Chico has also called for holding bi-annual neighborhood summits with LGBT community leaders and expanding the role of the mayor's LGBT liaison office to better coordinate city services with the services provided by community groups. He wants to institute mandatory LGBT sensitivity and diversity training for all members of the city's fire, police and emergency medical treatment workers and also has proposed a proactive anti-bullying program, coordinated with relevant gay groups and social service agencies, in all Chicago Public Schools.

Chico's platform is also the only one in this race that specifically addresses trans issues. In his response to the community questionnaire, he said he would work to include more transgender people in city government and push the police department to implement more trans-friendly policies.

One aspect of Chico's platform that is unique, but strange, is his support of adding an LGBT liaison to each of the city's police districts, of which there are 25. While this welcome change, acknowledging the presence of queer people throughout the city, and not just on the North side, funding such an expansion will be no easy task. Coupled with Chico's promise to hire 2000 more police officers, one has to wonder how a Mayor Chico would handle the city's budget deficit while still maintaining the services it provides. While he's proposed to "strip down the budget, re-prioritize spending and rebuild the budget line by line," he has yet to offer any concrete examples of just how he would do that.

All told, Chico's platform is among the strongest, but finding the funding to implement some of his plans remains a question that has been left largely unanswered.

Chico's plans resulted in the endorsement of long-time LGBT activist Rick Garcia in December, which was the most prominent endorsement of any candidate among the city's queer community leaders until last week's announcement of an LGBT coalition for Rahm Emanuel at the Center on Halsted. Those endorsing Emanuel included all four of the city's openly gay elected officials -- Tom Tunney, Greg Harris, Deborah Mell and Debra Shore -- and some 200 others.

The prognosis: Chico's campaign has surged and Braun's has hit a major road block at just the right moment and it appears very likely that -- assuming no candidate in the Feb. 22 election receives at least 50 percent of the popular vote -- the run-off election will be a showdown between Emanuel and Chico come April 5. If Chico continues to leverage Emanuel's refusal-to-date to provide details on his newly announced "luxury tax," he just might challenge the once-invincible Emanuel.

Yes, Emanuel still maintains a substantial edge in the race according to every conceivable metric. But if this election has taught us anything, it's to expect the unexpected and to never count anyone out. With two weeks of campaigning still to go, this race is still far from over.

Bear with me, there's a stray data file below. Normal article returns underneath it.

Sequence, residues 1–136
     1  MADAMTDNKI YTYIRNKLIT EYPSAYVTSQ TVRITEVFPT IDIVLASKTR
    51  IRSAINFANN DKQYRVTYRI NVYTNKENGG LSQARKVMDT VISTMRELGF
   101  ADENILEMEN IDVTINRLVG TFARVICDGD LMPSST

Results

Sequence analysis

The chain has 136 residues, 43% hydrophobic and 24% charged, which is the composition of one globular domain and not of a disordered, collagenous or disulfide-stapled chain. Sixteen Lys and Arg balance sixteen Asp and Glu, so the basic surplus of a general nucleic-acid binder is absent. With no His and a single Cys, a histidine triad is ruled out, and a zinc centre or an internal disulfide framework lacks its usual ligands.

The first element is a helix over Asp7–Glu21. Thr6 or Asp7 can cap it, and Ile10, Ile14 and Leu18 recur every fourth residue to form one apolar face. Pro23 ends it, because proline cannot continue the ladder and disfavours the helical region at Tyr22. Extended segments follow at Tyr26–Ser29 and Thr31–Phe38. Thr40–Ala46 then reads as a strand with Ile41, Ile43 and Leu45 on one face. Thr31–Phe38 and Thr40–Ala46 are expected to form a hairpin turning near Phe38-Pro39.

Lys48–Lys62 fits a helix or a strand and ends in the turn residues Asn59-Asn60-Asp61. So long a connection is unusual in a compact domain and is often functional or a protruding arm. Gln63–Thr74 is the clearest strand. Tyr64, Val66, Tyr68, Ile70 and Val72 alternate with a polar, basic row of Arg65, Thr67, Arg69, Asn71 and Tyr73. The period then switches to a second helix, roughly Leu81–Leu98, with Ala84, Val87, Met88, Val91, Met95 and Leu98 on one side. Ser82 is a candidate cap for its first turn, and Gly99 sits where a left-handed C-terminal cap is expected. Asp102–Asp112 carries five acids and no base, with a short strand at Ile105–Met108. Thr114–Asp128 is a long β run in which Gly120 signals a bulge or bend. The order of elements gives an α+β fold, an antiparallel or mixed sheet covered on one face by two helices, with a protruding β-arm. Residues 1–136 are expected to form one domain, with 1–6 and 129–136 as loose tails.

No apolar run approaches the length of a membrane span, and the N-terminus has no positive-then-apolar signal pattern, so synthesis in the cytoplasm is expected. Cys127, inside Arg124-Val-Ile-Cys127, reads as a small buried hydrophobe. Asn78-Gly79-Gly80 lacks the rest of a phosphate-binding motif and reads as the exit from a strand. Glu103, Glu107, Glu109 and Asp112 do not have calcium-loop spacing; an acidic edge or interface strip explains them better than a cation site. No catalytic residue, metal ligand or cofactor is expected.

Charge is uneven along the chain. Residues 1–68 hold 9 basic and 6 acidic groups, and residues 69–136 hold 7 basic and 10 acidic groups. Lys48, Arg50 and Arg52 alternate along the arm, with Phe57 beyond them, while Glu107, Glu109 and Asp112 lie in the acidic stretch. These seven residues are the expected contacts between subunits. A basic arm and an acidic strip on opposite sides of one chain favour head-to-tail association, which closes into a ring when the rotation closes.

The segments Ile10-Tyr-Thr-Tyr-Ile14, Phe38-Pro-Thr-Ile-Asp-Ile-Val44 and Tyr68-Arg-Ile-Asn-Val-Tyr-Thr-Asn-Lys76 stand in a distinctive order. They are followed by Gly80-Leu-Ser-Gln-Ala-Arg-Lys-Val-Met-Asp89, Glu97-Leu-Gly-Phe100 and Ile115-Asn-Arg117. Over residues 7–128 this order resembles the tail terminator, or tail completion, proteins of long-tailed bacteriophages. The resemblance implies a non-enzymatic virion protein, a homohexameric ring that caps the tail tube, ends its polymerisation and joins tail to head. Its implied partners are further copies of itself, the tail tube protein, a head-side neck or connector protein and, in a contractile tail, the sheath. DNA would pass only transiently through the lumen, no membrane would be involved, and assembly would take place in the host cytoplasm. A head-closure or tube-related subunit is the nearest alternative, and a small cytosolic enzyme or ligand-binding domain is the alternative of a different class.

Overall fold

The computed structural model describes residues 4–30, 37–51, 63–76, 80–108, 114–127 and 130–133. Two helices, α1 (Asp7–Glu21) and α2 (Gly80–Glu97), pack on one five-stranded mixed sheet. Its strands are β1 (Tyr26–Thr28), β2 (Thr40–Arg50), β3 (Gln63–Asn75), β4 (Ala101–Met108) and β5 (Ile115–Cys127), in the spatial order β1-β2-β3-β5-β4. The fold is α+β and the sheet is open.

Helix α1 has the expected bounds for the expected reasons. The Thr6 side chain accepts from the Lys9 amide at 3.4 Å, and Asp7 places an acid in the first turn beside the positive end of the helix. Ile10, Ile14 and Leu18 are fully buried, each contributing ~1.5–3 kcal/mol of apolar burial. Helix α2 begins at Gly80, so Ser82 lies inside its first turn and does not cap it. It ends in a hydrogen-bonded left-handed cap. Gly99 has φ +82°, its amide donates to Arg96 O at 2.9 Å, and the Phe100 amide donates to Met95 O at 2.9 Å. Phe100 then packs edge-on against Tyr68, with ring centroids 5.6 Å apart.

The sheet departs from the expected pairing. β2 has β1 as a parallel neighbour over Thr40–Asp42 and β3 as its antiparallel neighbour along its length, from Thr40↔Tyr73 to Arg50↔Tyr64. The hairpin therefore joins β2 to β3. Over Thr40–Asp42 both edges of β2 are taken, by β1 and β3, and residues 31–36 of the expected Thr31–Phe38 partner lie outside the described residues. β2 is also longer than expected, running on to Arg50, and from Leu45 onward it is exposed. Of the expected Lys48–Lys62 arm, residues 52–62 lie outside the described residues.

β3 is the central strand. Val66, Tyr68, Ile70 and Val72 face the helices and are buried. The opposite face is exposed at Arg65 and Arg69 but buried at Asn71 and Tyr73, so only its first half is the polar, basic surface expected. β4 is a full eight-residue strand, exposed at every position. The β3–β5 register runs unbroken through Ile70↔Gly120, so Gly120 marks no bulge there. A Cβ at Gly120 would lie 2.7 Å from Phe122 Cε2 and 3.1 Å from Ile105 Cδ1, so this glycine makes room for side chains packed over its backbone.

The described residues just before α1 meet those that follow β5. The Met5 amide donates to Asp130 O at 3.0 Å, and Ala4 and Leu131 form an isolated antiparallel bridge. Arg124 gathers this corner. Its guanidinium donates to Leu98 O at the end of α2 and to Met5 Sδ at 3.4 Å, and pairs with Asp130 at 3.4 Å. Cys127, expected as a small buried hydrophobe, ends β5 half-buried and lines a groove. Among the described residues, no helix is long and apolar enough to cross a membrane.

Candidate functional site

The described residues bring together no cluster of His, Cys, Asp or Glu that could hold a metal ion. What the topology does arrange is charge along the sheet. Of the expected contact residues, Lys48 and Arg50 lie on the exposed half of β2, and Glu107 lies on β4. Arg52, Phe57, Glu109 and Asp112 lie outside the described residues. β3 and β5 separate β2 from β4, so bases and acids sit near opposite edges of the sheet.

Trading in trivialities: According to Time Out Chicago, Chico is a fan of comedian Chris Rock, Redmoon Theater and the Goodman Theatre -- his wife is on the theater's board... According to the Sun-Times, his favorite book is Upton Sinclair's The Jungle ... Chico spent his freshman year of high school wheelchair-bound at home due to an injury -- requiring a total hip replacement -- sustained from many years of playing catcher on the baseball team. He is/was a bit of a jock -- he also played hockey, basketball and football ... Chico's perhaps strangest headline-grabbing moment during this campaign, was his call for Soldier Field to host the Super Bowl as soon as 2015. Such a move would require some major renovations to the stadium -- Soldier Field is currently about 8,500 seats short of the minimum capacity requirement.

According to the Zodiac: Chico was born on August 24, making him a Leo-Virgo cusp, known for their keen sense of timing -- knowing when to be quiet and when to speak out -- and persuasiveness, qualities that contribute to their popularity. The question comes down to how they use their influence -- they can be manipulative or domineering at times. Other Leo-Virgos in the political realm include 2012 GOP presidential hopeful (and frequent FOX News pundit) Mike Huckabee, Nobel Prize recipient Yasser Arafat and renowned writer Howard Zinn.

Race for Mayor, The Gay Vote: Visit www.gerychico.com to learn more about Chico's campaign for mayor and visit Equality Illinois' "Next Mayor" page to read the questionnaire responses from Braun and the other leading candidates. Read CP's profiles of the three other leading candidates: Rahm Emanuel, Miguel del Valle and Carol Moseley Braun.